Another possible contender for the chopping block could be a $ 10 billion program to help farm power cooperatives, which provide electricity to more than 40 million people in rural communities. The money aims to lighten the price increases seen by rural residents in their electricity bills as cooperatives make the switch from buying coal -fired energy to wind and solar. Other potential cuts could include a $ 13 billion program to build new electric vehicle charging stations – including $ 1 billion to ensure those stations are built in more low income.
“Absent programs like this, the transition of the economy to different energy sources will be less and equal,” Mr. Coequyt said. “There will be communities that can’t take advantage of new technologies for a whole bunch of different reasons.”
Cutting aid to local communities would also hurt popular support for the transition to a clean energy economy, experts said. “Some of the programs intended to reach rural and low-income communities are really important in maintaining the political coalition for it,” said Dallas Burtraw, an analyst for Resources for the Future, an organization does not engage in research focused on energy and environmental policy “It could be both an economic and political problem if those communities were left behind.”
Scientists and environmental activists in Arizona say those cuts will end up hurting Ms. Cinema.
As one of the nation’s hottest and driest states, Arizona is already at the forefront of the extreme weather line that scientists say is exacerbated by a warming planet. Arizona has been on hold for a decade megadrought, with 95 percent of the state experiencing severe drought conditions. Since 2012, the state has suffered five drought events that have caused a total of $ 22.1 billion in damages, according to the National Oceanic and Atmospheric Administration. This year alone nearly half a million acres of the state have been consumed by fires, and many communities have also been flooded by the monsoons. Across Arizona, there was a record 522 heat -related deaths in 2020, according to the state.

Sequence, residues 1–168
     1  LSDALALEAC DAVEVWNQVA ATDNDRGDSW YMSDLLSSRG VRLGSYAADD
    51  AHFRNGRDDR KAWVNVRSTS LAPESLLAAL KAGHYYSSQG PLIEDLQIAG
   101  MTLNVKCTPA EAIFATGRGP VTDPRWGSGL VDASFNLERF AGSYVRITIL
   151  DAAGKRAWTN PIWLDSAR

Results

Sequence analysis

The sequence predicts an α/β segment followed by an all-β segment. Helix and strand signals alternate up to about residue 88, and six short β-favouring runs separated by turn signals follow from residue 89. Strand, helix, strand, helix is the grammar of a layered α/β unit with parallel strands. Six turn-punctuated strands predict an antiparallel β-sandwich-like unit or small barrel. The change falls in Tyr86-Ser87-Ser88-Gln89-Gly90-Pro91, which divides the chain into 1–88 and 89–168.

“The annual average temperature in Arizona has increased a few degrees due to climate change, which may not sound like much, but it has increased the waves of heat and drought, it has lowered the snowpack that is important to our water supply, and which flows in streams are important to wildlife health, which are important to our farmers and ranchers, ”said Gregg Garfin, a climatologist at the University of Arizona.
Arizona needs federal help to grapple with a warmer climate, he said. “We need a work force,” Mr. Garfin said. “We need funding. Many communities in Arizona lack the budget or expertise to do this. It takes real money. And it’s very important for Arizona.”
Poor and minority communities, which have been disproportionately affected by climate change, should be included in any government plan, said Vianey Olivarria, a director of Chispa Arizona, the state branch of the League of Conservation Voters. “There is no way to have a climate action plan without environmental justice,” he said.
Democrats leading the push for climate action say none of the policies can be saved.
“We can’t slash climate funding into this package. That will return the promise to the voters, to the youth, to the American workers who don’t want to leave,” said Senator Edward J. Markey, a Massachusetts Democrat. “We desperately need a stable Civilian Climate Corps, which will inspire a new generation of young Americans. We need a stable green climate bank that will release for every dollar spent, seven to 10 dollars of private investment sector. That’s a very smart way of making sure that every small city, small town housing authority, small business, can have access to the capital they need to make this transition. “